Dragon Eggs

Sooo, let me be quite candid – I’ve never given much thought to egg shapes. Not that I had anything against them but exercising my limited powers of observation requires the object under scrutiny to be a little out of the ordinary. And eggs…well, they just weren’t. Now, you’re probably wondering why I’m even telling you this. You see, when you take it upon yourself to craft an egg out of dough, it helps to really understand the shape. You find yourself wishing you had spent more of your life distinguishing the lines and curves that make up this little, white oval. You start questioning your priorities. Your whole life flashes before your eyes and…alright fine, i’ll cut down on the melodrama. But perhaps you can learn from my mistakes and start paying more attention to the eggs in your life.

Now that that’s out of the way, let’s get down to biz-ness. That is, the business of making your own dragon eggs like the ones from Game of Thrones (if you haven’t already seen the GoT-party post, you can check it out here). You can use them to set up for a viewing party or even just to add some GoT vibes around the house. This is the first in the series of DIY Game of Thrones posts for this week. And fair warning: this one will be more of an exercise in what you SHOULDN’T do when attempting to make a dragon egg. Here we go:

Step 1: Crafting The Eggs

If you can find an existing egg shape such as a foam egg, that’s perfect. Consider half your work done (and an existential crisis averted). If not, then you’re on your own. Just kidding. There are two ways you can choose to make an egg shape:

  1. Paper mâché (in retrospect, I should’ve used this method, which is why I’ve put it on top)
  2. Air dry clay (just make sure you can find a proper recipe for this, mine didn’t really work)
Dragon eggs
Flat egg, anyone?

As you’ve probably pieced together by now, I went with the drying clay option. I used the recipe here. Not sure if it’s the Karachi weather (I like blaming it for most things) or if it was something else that went wrong, but my “air dry clay” never air dried. So the dragon eggs remained squishy till the very end. Which kind of sucked after the amount of effort (and ingredients) I had put in. Also, because the dough was so soft, I couldn’t quite shape it how I wanted resulting in very flat “eggs”. If you use paper mâché, you can use a balloon as your base to get your desired shape.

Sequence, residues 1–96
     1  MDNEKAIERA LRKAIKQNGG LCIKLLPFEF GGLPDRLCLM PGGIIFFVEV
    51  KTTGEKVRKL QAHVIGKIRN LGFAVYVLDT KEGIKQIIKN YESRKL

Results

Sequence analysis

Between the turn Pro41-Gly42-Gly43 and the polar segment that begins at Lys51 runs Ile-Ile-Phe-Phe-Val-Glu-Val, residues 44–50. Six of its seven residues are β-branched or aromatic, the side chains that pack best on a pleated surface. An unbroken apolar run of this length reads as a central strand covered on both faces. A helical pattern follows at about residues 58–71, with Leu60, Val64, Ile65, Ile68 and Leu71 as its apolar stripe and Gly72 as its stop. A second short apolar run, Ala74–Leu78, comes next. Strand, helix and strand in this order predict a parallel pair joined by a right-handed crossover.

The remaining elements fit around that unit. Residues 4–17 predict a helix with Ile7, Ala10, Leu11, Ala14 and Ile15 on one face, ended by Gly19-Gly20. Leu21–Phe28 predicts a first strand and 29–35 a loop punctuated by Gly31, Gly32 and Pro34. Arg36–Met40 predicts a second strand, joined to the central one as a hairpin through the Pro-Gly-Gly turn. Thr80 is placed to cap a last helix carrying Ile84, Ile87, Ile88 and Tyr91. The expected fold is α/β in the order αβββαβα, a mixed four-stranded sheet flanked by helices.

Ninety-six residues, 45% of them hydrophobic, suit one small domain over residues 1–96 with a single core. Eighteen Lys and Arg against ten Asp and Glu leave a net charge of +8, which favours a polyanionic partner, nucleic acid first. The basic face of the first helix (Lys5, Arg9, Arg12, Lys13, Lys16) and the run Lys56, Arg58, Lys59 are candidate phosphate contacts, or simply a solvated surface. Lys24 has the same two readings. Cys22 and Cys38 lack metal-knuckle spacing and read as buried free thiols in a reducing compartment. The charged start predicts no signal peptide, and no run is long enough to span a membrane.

Step 2: Gettin’ Your Thumb Tack On

Dragon Eggs

To give the scaly effect on the eggs, I used thumb tacks. Lots of them. Because my dragons eggs were quite big, I needed about 15 packs of thumb tacks for each egg. But you can definitely do with less if you’ve made smaller eggs. The trick is to make sure the tacks overlap each other and cover the whole surface. Not even a tiny bit of dough/paper mâché/foam should be peeping out. This part is a little time-consuming but so very satisfying.

Step 3: Painting

Dragon Eggs
In the process of painting.

If all goes well (and your dragon eggs have finally settled into their shape), you can paint them to look more like the eggs from the show. I painted one black and one green using acrylic paints. If you have more time, you can also give a more authentic ombre effect using a sponge. I was however, short on time (and patience, tbh).

Step 4: The Final Effect

I used a wooden tray and a heap of straw for the final presentation. Had to call in the crafts expert at this point aka my mom. The straw also helped conceal the less-than-egg-like shape of the dragon eggs (or maybe I’m just deluding myself into thinking that it did, let me know).

Dragons Eggs

Dragon Eggs


If you haven’t had a chance to check out the other Game of Thrones DIYs, let me just say you haven’t lived (tiny exaggerations we can all live with). Here’s a list:

The Party
Weirwood Tree
Iron Throne
Antler Crown + House Banners


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